Mr. Brett Newswanger, Xeris’ Director of Glucagon Products, provided an overview of the company’s glucagon portfolio. It was valuable to get an up-to-date look at the status of Xeris’ pipeline and a window into what to expect later this year (see table below). In addition to a peek at data from one patient in a phase 2a mini-dose trial (covered above), we also saw phase 2a results from a pump study (G-Pump) vs. Novo Nordisk’s GlucaGen delivered via OmniPod (abstract #0196). Though the pharmacokinetic profile was comparable in terms of area under the curve in the first 150 minutes, the G-Pump reached an 11% higher maximum concentration and took 10% longer to reach that point than GlucaGen. To us it makes sense that it would take longer to reach a higher peak concentration. Despite the slight nuanced differences, it appears that the results are enough to support G-Pump’s continued development, especially given its great potential for bi-hormonal closed loop. That said, we’ve heard that bioequivalence is a major factor on the regulatory side of glucagon, so we’ll have to see how the data plays out.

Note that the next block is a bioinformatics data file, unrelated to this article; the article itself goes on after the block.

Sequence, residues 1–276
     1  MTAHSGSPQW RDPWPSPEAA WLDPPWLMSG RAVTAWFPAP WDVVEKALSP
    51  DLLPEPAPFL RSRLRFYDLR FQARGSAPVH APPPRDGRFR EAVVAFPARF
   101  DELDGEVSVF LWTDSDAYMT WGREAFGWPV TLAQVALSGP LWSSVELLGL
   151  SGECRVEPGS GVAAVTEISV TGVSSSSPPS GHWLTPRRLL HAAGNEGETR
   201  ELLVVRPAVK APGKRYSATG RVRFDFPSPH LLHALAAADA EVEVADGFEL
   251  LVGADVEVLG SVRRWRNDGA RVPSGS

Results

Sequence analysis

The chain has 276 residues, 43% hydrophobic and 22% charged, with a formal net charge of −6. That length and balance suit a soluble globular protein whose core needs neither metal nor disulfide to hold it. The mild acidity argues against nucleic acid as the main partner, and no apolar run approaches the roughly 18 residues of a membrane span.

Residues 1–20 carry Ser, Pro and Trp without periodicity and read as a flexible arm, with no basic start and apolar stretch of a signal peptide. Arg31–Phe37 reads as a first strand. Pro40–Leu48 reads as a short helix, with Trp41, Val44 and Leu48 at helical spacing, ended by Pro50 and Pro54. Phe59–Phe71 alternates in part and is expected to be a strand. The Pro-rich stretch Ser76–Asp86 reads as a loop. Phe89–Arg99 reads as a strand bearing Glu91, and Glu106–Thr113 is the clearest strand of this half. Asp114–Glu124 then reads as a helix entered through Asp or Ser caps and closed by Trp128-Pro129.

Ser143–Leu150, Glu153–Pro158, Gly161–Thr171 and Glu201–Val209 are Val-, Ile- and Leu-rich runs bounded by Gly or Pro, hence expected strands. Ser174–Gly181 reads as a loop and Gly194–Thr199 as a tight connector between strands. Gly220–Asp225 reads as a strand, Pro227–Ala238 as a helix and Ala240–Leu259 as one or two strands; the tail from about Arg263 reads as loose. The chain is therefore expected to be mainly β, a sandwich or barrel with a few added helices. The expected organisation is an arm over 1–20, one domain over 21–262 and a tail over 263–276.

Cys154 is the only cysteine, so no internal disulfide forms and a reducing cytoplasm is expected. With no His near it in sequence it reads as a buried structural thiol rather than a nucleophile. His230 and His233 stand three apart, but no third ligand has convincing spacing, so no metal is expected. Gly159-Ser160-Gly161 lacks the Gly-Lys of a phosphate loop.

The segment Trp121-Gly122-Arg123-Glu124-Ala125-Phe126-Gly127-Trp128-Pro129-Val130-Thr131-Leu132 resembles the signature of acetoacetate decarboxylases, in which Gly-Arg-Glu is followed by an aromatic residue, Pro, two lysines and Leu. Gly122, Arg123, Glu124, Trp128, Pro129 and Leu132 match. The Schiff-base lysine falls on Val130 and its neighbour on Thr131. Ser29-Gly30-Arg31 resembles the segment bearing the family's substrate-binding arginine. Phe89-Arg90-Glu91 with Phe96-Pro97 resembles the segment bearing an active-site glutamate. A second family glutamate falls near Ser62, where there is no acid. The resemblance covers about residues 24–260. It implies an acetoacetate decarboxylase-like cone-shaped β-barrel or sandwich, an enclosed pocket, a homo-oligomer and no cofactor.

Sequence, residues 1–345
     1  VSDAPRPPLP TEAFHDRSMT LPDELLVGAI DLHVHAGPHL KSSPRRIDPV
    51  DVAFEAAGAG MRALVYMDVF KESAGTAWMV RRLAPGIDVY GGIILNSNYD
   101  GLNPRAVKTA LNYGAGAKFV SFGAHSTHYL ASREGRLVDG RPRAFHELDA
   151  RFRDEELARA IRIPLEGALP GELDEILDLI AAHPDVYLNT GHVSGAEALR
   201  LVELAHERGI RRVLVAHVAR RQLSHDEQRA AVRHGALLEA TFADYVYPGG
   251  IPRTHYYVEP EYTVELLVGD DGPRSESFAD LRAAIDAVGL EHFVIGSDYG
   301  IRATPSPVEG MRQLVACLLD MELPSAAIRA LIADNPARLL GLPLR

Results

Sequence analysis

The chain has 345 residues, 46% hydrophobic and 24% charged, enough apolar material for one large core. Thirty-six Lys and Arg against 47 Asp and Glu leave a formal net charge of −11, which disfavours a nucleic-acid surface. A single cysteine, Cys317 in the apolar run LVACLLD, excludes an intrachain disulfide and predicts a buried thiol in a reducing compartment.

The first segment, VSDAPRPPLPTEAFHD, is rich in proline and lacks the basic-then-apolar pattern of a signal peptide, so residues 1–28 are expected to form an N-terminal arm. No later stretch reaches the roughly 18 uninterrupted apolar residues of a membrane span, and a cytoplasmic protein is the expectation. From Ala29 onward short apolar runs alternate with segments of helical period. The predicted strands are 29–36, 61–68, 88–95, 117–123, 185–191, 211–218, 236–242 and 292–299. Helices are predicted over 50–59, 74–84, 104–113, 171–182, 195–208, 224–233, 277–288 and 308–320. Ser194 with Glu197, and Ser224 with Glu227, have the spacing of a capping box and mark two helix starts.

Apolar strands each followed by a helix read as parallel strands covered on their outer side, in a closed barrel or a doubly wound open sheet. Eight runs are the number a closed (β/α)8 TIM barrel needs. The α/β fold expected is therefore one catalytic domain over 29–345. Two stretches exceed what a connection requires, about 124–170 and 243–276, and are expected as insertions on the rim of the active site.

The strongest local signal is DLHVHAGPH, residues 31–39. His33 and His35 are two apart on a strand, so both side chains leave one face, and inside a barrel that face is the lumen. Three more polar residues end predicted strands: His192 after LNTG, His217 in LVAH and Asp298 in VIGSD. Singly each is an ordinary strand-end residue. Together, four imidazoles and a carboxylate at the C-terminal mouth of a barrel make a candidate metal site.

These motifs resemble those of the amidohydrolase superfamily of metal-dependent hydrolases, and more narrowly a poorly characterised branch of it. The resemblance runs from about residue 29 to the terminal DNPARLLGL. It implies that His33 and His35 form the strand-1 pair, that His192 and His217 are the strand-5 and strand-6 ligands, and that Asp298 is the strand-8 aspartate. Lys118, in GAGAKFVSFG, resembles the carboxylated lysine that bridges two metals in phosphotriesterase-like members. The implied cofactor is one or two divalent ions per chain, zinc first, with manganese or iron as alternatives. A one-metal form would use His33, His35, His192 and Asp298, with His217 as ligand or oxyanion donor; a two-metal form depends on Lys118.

Table: Xeris’ glucagon pipeline


Current Status

Plans for 2015


FDA end-of-phase-2 meeting complete

Multicenter pivotal trial

G-Pen Mini

Phase 2a study complete

Phase 2 studies: outpatient study, exercise study, alcohol study


Phase 2a study complete (ATTD abstract 0196)

Closed loop bihormonal pump study

Corporate Symposium: Achieving Therapy Targets with Innovative Solutions for Personalized Diabetes Management

Personalized Diabetes Management – where are we today?

Matthias Axel Schweitzer, MD (Roche, Mannheim, Germany)

Dr. Matthias Axel Schweitzer delivered a wide-ranging talk on the current status of personalized diabetes management. The highlight of the presentation came in Q&A when Dr. Schweitzer shared that Roche does not intend (in the short-term) to create open APIs that allow patients to access their own data. Dr. Schweitzer acknowledged that this needs to happen in the future, but that both a regulated market and concerns over patient liability handicap these efforts. Indeed, he noted that Roche is instead focused on delivering “safe and proven” solutions and, in redirecting Brandon Arbiter’s (Tidepool) question, he painted a less optimistic picture for fans of data liberation, connectivity, and open-source solutions, commenting that open formats are “a long, long ways off.” We will be interested to see where this goes; there has certainly been significant value that has come from putting data in patient hands and allowing patients to solve real-world problems as seen in the success of NightScout – that said, now that NightScout is more “official” we also don’t know where service, liability, etc. will land. Horizontal systems allow for clinically relevant innovation and scaling that is hard to achieve in the current, closed proprietary medical-device-manufacturer-as-software-developer model. Overall, we are optimistic about all the work happening on interoperability, though it would be great to see Roche and Medtronic jump more fully on board and partner with a company like Tidepool.